Umbrella Scene

Before I get into my notes about process, I want to address the fact that this drawing seems to me an entirely different style from what I usually do. Is it the medium? The way I approached the drawing mentally? I suppose it’s a combination of both things. I don’t know what this means for the future of my artistic style; I guess we’ll just have to wait and see…

Here’s where we left off from last week’s post:


Of course the first thing I did was “mess up” the drawing. Without going into too much detail about all the flaws I perceive, I will mention that I regret handling the area full of background people by simply graying it out.

Here is the “messed up” scene:


I think what I did in this case was jump in too soon without the knowledge of how to create the type of atmosphere I was going for. So what I did, after the fact, was study a few paintings by one of my favorite watercolor artists, John Haywood (Brushes With Watercolour). He always manages to create beautiful scenes containing groups of people, and I wish I had looked back at his work initially to guide my own approach. Of course this is not a watercolor piece, but I like to think that it was inspired by the style.

One thing I noticed about John’s work is his willingness to portray every single figure. Was my leaving out so many background people a cop out, or just a different method? I think it’s something in between those—I believe that that section (and perhaps some others) suffered from a lack of planning and intention, things I have been meaning to address and work on for quite some time.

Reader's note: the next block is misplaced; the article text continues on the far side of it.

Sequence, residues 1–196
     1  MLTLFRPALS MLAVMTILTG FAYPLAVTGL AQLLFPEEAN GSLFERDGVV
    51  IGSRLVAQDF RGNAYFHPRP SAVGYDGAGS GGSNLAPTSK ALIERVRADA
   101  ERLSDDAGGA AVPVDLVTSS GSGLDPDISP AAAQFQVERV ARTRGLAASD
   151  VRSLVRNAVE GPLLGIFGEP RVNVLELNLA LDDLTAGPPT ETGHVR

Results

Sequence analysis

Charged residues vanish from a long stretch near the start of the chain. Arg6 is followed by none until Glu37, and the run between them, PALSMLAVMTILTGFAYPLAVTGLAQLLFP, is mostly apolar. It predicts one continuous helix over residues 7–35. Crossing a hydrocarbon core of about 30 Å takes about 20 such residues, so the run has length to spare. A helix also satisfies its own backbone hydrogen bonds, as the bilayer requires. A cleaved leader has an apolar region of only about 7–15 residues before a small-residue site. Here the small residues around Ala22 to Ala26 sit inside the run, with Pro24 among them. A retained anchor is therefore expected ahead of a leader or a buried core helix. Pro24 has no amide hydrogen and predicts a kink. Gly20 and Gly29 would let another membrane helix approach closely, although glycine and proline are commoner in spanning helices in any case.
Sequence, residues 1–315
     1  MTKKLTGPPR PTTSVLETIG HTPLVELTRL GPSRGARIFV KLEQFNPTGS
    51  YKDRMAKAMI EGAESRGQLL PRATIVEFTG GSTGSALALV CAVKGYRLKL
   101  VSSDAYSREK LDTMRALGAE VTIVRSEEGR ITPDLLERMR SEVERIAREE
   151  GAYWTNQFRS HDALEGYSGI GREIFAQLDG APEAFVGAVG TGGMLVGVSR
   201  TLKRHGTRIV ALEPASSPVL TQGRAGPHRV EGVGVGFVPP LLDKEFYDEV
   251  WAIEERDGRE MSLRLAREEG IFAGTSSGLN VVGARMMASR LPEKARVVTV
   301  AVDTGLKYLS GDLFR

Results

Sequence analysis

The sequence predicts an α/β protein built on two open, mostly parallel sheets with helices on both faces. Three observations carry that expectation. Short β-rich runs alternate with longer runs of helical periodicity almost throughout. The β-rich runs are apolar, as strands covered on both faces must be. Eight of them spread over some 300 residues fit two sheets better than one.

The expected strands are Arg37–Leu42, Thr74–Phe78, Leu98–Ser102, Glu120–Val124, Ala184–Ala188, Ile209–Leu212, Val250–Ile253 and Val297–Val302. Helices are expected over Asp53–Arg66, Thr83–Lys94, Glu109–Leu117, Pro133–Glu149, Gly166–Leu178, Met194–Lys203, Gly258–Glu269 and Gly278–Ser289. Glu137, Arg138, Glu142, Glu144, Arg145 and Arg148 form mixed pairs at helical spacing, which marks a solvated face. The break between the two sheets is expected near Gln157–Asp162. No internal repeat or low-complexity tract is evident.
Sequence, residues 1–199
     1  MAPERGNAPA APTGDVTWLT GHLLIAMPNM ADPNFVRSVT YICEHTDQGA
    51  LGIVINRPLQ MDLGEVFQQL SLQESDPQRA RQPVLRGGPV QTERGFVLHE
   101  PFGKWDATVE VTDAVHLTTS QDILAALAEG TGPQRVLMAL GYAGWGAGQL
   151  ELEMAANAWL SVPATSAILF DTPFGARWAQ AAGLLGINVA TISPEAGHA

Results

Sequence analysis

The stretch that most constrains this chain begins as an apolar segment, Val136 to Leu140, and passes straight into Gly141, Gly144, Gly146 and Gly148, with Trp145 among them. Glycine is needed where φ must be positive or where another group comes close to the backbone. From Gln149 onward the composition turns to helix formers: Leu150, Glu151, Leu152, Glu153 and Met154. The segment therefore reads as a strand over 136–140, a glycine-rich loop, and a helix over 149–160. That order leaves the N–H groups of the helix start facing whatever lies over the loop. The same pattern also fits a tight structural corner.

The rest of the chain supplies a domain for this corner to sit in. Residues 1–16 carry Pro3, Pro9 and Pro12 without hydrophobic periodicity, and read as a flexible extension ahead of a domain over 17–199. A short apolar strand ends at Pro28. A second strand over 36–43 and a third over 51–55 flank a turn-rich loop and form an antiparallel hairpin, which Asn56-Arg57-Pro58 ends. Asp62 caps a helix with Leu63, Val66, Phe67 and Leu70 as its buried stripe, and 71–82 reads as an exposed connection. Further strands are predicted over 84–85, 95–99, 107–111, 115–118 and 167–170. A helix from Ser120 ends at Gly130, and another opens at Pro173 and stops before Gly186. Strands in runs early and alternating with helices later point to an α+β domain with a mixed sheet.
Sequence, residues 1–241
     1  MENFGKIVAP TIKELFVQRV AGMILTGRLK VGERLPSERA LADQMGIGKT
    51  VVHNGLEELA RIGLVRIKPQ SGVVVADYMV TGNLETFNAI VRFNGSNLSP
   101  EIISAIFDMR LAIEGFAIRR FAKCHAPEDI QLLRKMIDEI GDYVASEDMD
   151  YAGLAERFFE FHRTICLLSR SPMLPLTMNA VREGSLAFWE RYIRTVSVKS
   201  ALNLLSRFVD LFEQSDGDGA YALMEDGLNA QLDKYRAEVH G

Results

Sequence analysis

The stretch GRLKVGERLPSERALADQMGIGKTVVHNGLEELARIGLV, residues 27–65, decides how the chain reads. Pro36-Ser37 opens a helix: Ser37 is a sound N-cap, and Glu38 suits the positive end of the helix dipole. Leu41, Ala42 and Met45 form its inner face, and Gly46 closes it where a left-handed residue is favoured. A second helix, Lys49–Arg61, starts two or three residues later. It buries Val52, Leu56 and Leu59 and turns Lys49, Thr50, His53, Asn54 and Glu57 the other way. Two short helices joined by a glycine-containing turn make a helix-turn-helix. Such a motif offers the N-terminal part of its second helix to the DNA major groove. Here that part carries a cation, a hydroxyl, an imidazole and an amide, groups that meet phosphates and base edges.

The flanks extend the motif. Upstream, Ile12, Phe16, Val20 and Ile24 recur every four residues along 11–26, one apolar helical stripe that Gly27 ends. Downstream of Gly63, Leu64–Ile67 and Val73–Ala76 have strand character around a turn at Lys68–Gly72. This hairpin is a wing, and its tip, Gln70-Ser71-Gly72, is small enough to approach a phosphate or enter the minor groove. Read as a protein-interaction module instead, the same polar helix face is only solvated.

Finally, using what was available to me at this point, I settled on a middle ground of suggesting more figures without giving each one the vivid detail he/she perhaps deserved. I was able to use white colored pencil and pastel brush pens to give some definition to the figures (and to tone down the mustard-colored façade in the back, which I felt detracted from the overall appearance).

Ultimately, I took quite a few artistic liberties from my reference photo. I sketched from it, and used it as a general guideline, but spent much of the time looking only at the drawing itself.

I have so many more thoughts on this drawing, positive and negative, and the process leading up to the final version, but I’d like to keep this as short and sweet as possible, so I will just leave you with this, the finished piece:


img_4239Umbrella Scene, colored pencil and brush pen on Mixed Media paper, 2019 (11×14)


  1. Hi Anna and thanks so much for your kind and flattering comments! I really like this work and had you not mentioned that there were more background figures in the reference image, I wouldn’t have looked for them! Whenever I’m painting figures, I have a whole range of different advice that I’ve read running through my mind! I think the most pertinent in this instance would be that you should only need to really focus on a few figures, the main players in your scene, after which you can be quite suggestive with all of the surrounding characters and that the viewer will fill in all the gaps for you. That’s the theory anyway! Thanks again Anna and I look forward to seeing your next crowd scene!

    Liked by 1 person

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